Wild speculations about such a list? Well, that's very different; that's what every
That said, let's go! After all, it's only about fourteen months to the Iowa Caucuses.
The first thing that I think these sorts of things should do is eliminate the impossible, or at least the highly improbable, dreams. Two categories, here: those candidates who do not meet conventional criteria for a plausible run for the White House, and those candidates who are essentially disqualified by a position on the issues that runs up against a party faction with veto power.
I don't see any pro-choice picks on either list, so I don't think any of the candidates fails the latter test. There is no precedent under current conditions for a Member of the House, or a former Member who achieved no other high office, to win a presidential nomination. That suggests Mike Pence (#4 on David S. Bernstein's list, #8 per National Journal), Newt Gingrich (DSB #22, NJ #7), Paul Ryan (DSB #23), and Ron Paul (NJ #15, sort of) are highly unlikely to win.
I'm a little less confident of the next category, but once again there's really no precedent for someone to jump from achieving statewide office in the midterms to winning a nomination. Impossible? As with the Members of the House, no. But highly improbable? Yup. So I'd eliminate Rand Paul (NJ #15, sort of), Marco Rubio (DSB #12, NJ fifth on the unnumbered also-rans list, so #20), John Kasich (DSB #10 (!)), and Pat Toomey (DSB #14).
Going back to issue disqualifications...David put local (for him) hero Scott Brown at #24. Hey, if you insist on going to 25, you'll get some oddball picks, but Brown's voting record has been very moderate; there's no chance he's going to win the nomination. Libertarian Gary Johnson (NJ #17) is clearly veto-bait for multiple party factions. Ah, National Journal included George Pataki at #19...he's knocked out on abortion, if I recall correctly. Also, is it really likely that Condi Rice (DSB #19) holds no veto-bait positions? Last one: it's not about issues, but John Cornyn (DSB #16, NJ #16) certainly made plenty of Tea Party enemies as NRSC Chair without having a majority to show for it; I think that means he'd be vetoed by that party group.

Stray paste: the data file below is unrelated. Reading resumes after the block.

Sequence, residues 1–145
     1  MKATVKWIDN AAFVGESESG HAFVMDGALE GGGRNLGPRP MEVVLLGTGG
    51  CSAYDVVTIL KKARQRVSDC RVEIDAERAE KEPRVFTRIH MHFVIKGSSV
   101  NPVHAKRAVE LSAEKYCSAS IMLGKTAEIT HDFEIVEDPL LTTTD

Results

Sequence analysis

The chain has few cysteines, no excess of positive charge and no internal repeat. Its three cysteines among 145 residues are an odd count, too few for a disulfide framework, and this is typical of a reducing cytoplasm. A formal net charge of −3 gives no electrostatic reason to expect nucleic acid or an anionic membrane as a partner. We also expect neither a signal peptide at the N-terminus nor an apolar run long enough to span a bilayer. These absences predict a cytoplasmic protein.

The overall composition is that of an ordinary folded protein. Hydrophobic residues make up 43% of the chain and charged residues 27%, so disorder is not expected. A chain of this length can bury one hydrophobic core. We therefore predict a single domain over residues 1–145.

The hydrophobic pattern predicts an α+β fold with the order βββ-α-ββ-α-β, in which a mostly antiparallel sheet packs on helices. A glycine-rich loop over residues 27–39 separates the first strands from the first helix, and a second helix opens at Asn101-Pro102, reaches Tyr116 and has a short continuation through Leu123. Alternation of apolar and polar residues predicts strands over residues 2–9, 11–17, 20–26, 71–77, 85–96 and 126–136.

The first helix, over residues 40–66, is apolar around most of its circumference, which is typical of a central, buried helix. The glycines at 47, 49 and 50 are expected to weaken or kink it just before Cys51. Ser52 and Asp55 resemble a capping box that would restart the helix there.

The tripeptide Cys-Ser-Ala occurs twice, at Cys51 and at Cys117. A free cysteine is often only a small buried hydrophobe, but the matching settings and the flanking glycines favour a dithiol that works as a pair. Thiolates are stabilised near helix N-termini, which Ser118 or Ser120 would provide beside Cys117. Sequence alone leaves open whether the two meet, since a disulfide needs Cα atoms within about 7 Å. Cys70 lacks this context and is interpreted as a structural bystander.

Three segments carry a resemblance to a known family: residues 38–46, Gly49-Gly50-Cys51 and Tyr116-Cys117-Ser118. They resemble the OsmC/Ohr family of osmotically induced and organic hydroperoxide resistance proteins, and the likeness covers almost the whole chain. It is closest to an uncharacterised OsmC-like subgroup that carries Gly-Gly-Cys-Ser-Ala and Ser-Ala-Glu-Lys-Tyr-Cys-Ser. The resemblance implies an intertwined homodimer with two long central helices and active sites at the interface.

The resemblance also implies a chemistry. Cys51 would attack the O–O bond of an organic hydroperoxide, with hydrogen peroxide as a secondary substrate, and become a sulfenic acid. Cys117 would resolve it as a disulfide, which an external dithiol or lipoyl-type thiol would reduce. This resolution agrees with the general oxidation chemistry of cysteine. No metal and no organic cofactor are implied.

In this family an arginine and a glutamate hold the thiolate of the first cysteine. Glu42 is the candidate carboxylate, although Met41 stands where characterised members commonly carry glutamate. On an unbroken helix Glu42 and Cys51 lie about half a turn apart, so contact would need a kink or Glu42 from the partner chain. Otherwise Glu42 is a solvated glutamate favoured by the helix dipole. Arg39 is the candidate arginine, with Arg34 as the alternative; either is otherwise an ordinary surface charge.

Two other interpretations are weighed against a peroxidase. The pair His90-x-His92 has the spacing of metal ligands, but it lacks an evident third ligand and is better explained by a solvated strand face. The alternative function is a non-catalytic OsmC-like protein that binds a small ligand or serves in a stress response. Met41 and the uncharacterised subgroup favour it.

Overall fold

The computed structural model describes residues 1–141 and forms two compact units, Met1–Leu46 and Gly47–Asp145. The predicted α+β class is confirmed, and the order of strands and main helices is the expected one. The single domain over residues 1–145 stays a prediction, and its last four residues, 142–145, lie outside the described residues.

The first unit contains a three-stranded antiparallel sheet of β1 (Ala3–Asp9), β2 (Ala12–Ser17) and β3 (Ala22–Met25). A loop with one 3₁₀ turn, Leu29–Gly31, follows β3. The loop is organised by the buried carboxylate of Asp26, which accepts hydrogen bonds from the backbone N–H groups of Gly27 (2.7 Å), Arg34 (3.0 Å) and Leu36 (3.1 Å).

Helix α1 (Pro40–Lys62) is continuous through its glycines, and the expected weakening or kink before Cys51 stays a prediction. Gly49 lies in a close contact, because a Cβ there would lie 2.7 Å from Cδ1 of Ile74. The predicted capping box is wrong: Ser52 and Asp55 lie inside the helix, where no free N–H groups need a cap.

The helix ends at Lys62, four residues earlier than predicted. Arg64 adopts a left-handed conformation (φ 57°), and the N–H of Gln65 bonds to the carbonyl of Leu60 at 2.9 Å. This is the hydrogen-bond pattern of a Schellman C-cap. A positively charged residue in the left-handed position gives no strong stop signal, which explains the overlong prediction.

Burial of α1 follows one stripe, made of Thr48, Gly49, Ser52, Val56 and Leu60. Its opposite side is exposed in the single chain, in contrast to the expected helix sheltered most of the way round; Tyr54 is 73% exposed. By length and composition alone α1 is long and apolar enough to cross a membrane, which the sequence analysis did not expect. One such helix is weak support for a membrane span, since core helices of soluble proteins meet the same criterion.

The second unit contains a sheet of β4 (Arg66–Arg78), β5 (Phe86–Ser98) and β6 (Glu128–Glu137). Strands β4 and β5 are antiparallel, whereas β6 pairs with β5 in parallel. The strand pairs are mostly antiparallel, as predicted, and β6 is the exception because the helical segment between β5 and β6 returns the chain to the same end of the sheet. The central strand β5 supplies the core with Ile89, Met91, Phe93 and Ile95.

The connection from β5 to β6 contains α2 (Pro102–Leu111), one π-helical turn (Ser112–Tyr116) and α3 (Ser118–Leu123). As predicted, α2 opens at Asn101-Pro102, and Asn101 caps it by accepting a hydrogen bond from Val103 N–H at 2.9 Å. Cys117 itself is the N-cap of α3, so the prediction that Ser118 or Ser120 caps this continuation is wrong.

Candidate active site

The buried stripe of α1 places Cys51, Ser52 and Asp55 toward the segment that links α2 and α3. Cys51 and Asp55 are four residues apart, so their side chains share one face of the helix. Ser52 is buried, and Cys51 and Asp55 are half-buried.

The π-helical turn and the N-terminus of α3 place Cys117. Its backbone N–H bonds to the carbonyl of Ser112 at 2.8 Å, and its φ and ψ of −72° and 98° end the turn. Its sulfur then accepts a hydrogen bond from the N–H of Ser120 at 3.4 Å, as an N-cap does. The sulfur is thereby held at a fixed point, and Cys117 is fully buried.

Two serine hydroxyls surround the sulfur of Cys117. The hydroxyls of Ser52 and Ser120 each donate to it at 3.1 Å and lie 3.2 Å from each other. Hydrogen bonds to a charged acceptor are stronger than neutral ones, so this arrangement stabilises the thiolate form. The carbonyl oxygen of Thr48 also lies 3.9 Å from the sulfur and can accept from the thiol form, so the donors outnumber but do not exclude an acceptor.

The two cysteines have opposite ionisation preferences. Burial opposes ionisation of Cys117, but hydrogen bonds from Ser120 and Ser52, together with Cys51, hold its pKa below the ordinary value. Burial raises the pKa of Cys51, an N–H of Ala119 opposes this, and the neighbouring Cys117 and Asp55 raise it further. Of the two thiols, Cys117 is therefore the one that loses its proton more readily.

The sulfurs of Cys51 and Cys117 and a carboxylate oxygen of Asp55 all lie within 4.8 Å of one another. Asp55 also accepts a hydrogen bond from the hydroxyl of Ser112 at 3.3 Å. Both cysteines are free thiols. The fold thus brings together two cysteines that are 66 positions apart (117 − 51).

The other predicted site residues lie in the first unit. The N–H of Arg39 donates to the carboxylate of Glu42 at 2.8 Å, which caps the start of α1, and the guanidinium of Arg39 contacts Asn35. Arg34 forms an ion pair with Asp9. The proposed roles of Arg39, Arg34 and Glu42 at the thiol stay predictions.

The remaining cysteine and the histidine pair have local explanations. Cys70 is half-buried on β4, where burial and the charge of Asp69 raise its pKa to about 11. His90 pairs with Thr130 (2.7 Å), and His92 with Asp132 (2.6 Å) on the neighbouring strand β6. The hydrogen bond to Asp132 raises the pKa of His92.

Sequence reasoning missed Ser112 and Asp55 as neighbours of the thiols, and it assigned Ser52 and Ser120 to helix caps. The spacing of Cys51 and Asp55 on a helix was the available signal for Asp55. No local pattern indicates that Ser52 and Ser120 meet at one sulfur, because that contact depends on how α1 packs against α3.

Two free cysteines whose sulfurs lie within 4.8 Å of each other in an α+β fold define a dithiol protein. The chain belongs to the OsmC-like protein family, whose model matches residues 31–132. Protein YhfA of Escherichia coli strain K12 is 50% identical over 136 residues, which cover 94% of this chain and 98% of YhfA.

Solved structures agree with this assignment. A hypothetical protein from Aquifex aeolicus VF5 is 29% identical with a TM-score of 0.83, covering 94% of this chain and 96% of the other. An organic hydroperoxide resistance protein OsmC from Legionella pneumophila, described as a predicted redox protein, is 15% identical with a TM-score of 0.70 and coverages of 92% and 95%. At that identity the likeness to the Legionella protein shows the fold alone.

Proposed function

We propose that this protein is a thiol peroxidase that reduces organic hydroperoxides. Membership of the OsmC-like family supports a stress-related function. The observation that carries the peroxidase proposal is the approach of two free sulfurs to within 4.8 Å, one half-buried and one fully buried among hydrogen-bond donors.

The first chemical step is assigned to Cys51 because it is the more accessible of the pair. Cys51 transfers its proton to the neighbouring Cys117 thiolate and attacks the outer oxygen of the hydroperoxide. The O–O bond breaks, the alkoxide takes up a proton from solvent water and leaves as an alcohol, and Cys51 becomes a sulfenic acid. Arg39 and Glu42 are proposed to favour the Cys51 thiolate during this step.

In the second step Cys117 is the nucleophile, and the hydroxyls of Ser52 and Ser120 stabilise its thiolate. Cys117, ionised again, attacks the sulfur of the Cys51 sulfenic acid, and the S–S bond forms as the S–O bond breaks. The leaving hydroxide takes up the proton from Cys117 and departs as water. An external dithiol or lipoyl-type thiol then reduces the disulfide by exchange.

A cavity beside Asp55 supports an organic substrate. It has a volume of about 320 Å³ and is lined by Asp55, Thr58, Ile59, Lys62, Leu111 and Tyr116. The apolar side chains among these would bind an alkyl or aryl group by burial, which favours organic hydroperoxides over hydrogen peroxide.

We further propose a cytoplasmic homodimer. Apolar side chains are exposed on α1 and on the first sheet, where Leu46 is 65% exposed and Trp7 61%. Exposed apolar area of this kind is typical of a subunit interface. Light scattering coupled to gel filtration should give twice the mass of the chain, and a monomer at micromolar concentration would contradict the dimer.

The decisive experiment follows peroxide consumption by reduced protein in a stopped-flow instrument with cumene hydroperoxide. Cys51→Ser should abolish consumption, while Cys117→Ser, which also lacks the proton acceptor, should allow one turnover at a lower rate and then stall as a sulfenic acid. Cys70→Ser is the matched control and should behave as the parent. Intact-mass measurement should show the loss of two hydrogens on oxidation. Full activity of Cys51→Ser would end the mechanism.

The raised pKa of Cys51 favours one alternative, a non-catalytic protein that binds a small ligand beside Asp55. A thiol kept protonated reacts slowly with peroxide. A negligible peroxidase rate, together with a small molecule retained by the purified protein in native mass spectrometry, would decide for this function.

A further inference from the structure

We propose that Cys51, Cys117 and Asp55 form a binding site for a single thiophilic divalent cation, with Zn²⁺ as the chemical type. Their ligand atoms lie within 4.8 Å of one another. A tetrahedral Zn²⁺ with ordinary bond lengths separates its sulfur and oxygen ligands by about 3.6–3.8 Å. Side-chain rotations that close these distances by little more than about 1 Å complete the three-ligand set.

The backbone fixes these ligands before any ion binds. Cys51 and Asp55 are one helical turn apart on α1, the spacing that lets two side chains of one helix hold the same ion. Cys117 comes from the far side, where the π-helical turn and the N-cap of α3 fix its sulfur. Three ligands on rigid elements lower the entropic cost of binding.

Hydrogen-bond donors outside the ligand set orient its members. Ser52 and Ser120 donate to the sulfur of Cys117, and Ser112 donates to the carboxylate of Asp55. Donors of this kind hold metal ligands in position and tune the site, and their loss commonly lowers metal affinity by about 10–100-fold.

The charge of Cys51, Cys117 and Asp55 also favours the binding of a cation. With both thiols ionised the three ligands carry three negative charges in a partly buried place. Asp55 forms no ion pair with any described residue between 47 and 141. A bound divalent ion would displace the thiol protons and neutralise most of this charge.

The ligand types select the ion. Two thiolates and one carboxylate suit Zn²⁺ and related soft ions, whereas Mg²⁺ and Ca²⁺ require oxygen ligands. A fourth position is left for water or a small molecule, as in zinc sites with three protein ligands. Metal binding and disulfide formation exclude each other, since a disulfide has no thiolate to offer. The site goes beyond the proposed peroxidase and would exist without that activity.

So out of 28 names on the combined lists, I'd put 12 on the improbable-to-impossible list, leaving 16 some of whom have shown little apparent intent to date (Jindal, Jeb Bush, Kyl, Quayle).
So what's left?
Heavyweights...candidates who have been on a national ticket, or run before with some real success, or otherwise qualify as heavyweights for some reason: Romney, Palin, Huckabee. OK, so they're light heavyweights; there's no '88 Dole/Bush here. On top of relatively weak "heavyweight" credentials, each has serious problems with one or more GOP factions, and it's not clear yet whether they can overcome that. (Quayle and Jeb Bush would be in this group, and it's not really clear that either has any such problems, but they're not running. Right?).
Middleweights: candidates who are or were recently statewide elected officials with either a serious campaign in place, or or leaders of important party factions, or appear well-positioned to put a serious campaign in place, mainly because it's a big state: Pawlenty, Perry, Thune, Barbour, Christie, DeMint.
Longshots: candidates who don't quite fit in the above category, perhaps because they aren't really running, or because their "recent or current statewide elected" is iffy: Daniels, Santorum, McDonnell. Jindal and Kyl would go here, too.
The odds are very good that the nominee will come from one of the top two lists. The more I think about it, the more Perry, DeMint, and Barbour appear to me to be very serious contenders, although I wouldn't rule Romney, Palin, or Huck out. Our of the second list...I can't quite see why any GOP faction picks Pawlenty over the other choices; the same basically goes for Thune, plus he has the disadvantage of votes to defend. Christie? Well, it's not quite clear yet how he plays if he's an actual candidate; truth is, he really belongs on the longshot list. As for the other three: DeMint is a clear leader of the conservative wing of the conservative party, without straying (as far as I know) into the kind of territory that gets some of the candidates he endorses into trouble. If they insist on supporting a factional candidate, and can agree on one, they may be able to pull it off, especially if Palin (whose Palin faction overlaps with the conservative faction) drops out well before Iowa. Perry and Barbour, on the other hand, appear to me to be acceptable to every faction within the party, as well as being better positioned (through fundraising potential for Perry, and good personal relationship for Barbour) to cash in on it than others.
Of course, we're also talking about a party that cheered on O'Donnell and Angle and Buck and Miller, so perhaps they'll do something totally off the wall. But that's how I see the field so far.
(I talked about the Palin faction here, and about Thune and DeMint here).